LINCOLN (SNR) – St. Michael Parish in Lincoln will offer two RCIA classes for those interested in the Catholic Faith on Sunday and Friday mornings stating this fall.
“The RCIA process is not for the faint of heart,” said pastor Father Kenneth Borowiak. “But the RCIA team is determined to accompany anyone willing to take the journey. And they are going to great lengths to do it.”
Related link: What is RCIA?
He said that three and a half years ago, he called a parish team together to discuss how to rejuvenate the RCIA experience.
“Our first step,” he said, “was training.” Five team members, including then-newly-ordained Father Eric Clark, assistant pastor at the time, traveled to Kansas City for a weekend-long training on the RCIA process and adult faith formation, facilitated by the Augustine Institute.
“The team came back on fire,” Father Borowiak said.
The Augustine Institute, headquartered in Denver, is answering Saint John Paul II’s call for a New Evangelization through a variety of on-campus and online academic offerings, initiatives and outreaches. A key component to the Augustine Institute’s RCIA offerings is its Symbolon series – a set of interactive DVDS which explain the Catholic faith. It is also available online through Formed.org, which is available to every parish in the Diocese of Lincoln.
Since the St. Michael team training, the RCIA experience at the parish has evolved its emphasis on sponsorship, hospitality, and invitation.
“We are constantly discussing how we can improve the experience,” said Joy Martin, RCIA coordinator. “At the end of one process, we examine what worked, what didn’t, and what we need to adjust to better support the minds and hearts of those seeking the Lord and His Church.”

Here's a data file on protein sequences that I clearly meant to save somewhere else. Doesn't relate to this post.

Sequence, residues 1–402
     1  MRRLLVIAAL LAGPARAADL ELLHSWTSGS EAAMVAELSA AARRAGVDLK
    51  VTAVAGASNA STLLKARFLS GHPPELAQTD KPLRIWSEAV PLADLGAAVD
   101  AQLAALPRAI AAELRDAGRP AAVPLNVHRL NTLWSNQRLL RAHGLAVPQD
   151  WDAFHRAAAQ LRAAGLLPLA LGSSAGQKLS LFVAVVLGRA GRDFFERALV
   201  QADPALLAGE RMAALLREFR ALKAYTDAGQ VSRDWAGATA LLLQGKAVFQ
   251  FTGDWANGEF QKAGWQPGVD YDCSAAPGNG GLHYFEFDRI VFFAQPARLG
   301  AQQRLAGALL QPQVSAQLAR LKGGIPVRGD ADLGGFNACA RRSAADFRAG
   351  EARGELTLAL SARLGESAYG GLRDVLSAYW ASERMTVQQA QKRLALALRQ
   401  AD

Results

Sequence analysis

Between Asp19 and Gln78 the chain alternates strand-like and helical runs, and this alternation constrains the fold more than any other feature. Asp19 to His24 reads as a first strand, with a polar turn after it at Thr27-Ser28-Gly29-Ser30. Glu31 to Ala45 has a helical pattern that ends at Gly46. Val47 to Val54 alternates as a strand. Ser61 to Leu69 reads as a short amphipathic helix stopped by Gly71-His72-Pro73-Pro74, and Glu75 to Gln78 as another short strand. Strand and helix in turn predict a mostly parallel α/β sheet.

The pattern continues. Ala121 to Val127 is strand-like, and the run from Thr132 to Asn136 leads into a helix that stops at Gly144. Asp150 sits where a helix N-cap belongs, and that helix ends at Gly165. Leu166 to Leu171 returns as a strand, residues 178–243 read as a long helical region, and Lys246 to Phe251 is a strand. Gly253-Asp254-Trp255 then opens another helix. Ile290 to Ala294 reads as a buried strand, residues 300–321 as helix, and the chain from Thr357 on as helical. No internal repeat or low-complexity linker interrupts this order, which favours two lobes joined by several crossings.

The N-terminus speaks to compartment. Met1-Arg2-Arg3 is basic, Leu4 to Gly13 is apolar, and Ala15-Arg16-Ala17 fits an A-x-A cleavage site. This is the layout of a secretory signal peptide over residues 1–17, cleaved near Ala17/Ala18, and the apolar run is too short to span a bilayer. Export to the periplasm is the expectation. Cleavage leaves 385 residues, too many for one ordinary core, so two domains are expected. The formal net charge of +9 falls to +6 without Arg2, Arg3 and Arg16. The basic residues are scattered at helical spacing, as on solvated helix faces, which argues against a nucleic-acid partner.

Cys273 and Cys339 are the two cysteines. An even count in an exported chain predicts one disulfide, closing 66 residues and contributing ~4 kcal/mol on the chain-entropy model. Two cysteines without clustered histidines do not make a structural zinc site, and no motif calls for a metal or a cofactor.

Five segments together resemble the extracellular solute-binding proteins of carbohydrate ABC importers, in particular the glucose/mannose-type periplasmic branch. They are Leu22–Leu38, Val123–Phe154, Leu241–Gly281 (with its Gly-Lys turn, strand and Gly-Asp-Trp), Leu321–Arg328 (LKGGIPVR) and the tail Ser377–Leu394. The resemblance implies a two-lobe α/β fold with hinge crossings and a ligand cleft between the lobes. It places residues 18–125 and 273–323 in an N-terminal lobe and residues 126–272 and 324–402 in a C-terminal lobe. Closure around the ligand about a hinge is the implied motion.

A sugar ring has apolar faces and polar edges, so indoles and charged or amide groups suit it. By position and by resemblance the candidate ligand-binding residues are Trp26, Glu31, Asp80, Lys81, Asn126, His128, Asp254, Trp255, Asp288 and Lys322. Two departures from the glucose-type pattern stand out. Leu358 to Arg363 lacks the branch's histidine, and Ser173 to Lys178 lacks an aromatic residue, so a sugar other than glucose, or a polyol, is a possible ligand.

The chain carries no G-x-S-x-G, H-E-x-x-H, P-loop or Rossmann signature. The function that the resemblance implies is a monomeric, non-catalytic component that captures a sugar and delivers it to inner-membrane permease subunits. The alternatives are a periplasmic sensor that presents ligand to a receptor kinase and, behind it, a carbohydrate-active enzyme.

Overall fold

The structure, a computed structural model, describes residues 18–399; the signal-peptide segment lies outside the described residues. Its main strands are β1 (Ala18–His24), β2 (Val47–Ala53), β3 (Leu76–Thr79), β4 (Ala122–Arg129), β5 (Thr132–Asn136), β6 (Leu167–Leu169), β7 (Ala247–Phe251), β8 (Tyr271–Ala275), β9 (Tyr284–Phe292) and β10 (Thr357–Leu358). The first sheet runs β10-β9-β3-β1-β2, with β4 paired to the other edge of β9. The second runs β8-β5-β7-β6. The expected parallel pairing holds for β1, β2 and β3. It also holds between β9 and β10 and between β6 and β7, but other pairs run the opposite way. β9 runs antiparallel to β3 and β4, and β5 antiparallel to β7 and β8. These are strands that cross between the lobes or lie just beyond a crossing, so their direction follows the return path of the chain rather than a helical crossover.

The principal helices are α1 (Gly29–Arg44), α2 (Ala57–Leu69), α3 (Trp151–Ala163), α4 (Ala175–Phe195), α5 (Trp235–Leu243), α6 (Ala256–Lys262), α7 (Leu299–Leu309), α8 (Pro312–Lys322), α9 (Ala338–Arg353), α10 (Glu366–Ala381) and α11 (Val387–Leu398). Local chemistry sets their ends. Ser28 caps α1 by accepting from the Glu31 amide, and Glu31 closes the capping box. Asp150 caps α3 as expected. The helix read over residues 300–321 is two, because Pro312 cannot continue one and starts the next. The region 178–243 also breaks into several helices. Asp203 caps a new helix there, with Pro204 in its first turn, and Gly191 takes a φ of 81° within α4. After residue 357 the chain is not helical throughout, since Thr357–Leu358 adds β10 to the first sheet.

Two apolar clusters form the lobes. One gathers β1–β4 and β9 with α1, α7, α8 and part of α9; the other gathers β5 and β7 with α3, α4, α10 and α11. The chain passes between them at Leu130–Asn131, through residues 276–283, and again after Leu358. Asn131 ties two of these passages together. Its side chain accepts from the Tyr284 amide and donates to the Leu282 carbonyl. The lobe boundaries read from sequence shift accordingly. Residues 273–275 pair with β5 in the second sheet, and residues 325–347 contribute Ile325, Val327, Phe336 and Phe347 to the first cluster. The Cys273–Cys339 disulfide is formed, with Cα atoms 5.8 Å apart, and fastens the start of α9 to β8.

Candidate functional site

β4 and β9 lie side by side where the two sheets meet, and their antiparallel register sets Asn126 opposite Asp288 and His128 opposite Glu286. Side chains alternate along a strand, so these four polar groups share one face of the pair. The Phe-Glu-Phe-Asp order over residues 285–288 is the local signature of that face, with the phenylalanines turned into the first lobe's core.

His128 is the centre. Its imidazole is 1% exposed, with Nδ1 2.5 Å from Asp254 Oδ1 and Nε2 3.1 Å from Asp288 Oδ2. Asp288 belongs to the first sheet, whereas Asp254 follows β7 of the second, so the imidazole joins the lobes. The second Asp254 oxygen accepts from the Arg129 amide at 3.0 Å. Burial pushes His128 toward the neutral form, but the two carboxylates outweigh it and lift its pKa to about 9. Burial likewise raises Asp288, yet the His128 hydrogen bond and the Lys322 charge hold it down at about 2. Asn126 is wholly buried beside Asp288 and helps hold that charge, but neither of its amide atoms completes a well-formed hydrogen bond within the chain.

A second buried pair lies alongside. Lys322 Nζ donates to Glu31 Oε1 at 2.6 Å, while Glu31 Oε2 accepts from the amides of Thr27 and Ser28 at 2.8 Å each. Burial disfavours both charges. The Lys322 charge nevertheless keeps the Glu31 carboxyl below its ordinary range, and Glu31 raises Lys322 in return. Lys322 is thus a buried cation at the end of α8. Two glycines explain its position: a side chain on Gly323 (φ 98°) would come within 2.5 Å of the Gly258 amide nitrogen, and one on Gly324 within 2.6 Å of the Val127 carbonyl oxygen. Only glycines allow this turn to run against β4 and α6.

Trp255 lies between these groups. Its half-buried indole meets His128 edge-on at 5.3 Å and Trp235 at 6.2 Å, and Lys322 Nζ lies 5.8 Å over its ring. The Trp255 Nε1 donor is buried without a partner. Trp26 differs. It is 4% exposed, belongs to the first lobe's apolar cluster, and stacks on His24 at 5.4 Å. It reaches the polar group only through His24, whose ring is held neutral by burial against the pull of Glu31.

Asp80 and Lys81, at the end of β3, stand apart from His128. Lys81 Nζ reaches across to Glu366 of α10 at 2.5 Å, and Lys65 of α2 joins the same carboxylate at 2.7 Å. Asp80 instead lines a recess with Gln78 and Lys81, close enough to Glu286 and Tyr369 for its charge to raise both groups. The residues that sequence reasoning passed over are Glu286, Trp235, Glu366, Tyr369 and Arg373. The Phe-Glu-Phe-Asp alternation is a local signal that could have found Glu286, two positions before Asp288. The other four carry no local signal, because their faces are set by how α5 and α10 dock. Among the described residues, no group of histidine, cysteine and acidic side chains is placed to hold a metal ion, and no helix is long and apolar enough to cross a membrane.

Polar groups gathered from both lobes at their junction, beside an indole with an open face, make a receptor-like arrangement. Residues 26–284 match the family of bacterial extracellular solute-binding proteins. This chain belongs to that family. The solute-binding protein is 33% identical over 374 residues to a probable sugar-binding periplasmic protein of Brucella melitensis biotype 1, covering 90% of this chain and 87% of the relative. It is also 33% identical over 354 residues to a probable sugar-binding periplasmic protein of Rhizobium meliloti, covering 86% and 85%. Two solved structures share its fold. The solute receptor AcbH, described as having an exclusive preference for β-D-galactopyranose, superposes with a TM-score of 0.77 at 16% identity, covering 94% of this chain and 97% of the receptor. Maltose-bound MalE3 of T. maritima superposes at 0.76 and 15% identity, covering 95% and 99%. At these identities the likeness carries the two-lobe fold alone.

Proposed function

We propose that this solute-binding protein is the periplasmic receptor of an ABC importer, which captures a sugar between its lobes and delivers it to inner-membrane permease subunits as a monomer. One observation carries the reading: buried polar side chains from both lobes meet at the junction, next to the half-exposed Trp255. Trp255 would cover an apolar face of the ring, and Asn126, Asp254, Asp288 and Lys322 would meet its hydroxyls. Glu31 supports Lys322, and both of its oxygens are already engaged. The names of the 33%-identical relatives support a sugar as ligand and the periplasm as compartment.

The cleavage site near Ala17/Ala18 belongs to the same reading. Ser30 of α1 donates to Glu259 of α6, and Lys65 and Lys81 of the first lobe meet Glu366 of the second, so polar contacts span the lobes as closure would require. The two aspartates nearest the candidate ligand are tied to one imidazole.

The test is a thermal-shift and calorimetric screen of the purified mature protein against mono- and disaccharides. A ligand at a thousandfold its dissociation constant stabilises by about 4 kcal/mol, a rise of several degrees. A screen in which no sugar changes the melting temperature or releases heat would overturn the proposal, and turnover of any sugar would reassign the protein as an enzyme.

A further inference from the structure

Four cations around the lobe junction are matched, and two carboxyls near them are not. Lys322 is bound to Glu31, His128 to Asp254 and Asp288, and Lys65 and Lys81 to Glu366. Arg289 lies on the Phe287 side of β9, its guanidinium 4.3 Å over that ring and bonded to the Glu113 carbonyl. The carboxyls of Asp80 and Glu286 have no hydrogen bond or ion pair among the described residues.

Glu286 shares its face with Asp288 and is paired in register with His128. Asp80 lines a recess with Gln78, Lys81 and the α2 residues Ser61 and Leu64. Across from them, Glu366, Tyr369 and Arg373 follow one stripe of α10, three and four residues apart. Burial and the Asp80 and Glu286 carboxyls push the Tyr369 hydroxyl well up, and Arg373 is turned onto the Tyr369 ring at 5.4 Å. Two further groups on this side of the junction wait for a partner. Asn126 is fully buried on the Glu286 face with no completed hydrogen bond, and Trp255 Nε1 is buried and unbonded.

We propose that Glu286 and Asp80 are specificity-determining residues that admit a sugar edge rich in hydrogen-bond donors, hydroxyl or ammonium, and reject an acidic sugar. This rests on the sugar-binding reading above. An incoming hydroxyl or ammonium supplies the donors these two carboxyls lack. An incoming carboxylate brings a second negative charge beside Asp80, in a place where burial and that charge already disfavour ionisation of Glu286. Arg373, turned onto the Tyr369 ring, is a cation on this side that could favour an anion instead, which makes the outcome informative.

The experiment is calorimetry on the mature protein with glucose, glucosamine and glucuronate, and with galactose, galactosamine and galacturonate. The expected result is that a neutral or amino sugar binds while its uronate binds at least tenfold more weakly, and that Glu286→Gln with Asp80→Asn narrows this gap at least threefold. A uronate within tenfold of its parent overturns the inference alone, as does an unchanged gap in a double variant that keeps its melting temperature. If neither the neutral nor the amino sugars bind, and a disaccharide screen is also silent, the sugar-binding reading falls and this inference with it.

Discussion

Even scheduling has been an experiment. The team has offered classes on Sunday evenings and Thursday evenings and has added, on top of the traditional nine-month process, a four-month, accelerated summer process and, most recently, a Friday morning option to run parallel to a Sunday morning class.
All is done in the spirit of the New Evangelization—new in expression, ardor, and methods.
While Father Borowiak continues his tradition of sending hand-written invitations to potential inquirers in the parish, he has encouraged the team and parishioners to expand marketing outreach—everything from announcements, testimonials, flyers, Catholic media, one on one conversations and door-to-door visits.
“We want to meet people where they are and help them walk this journey of faith,” he said.
A journey of faith inquiry deserves time, discernment, and whole-hearted engagement.
But many refrain from joining this journey of faith due to work schedules, travel constraints, and family obligations, he said. They simply cannot make the RCIA schedule fit their own.
The 2017-18 St. Michael class options will be on Sundays and Fridays.
The primary class will be held from 10:45 a.m. to 12:15 p.m., after the 9:30 a.m. Mass. This option gives inquirers an opportunity to form community, encounter Jesus through prayer, and learn about the teachings of the Church in an inviting and engaging atmosphere. Classes begin Sept. 17.
Those unable to participate on Sundays are encouraged to consider the weekday option of Fridays, from 9:30 to 11 a.m., beginning Sept. 15. These classes would run parallel to the Sunday classes and join together for all rites and special events.
Both classes will be held at St. Michael Parish, 9101 S. 78th St. in southeast Lincoln.
“Pope Francis encourages Catholics to be a Church that practices the art of accompaniment—accompanying people on their journey of faith, meeting them where they are,” Father Borowiak said. “The RCIA team at St. Michael is committed to welcoming all who desire the opportunity to learn and love Jesus Christ and His Church.”
All are invited to a “Taste and See Gathering” at the parish rectory, 7501 Yankee Woods Dr., Lincoln, Sept. 10 to gather more information and ask questions about both options. Father Borowiak stressed that all are welcome – members of any parish in Lincoln, or neighboring communities, and the general public in southeast Nebraska.blog comments powered by Disqus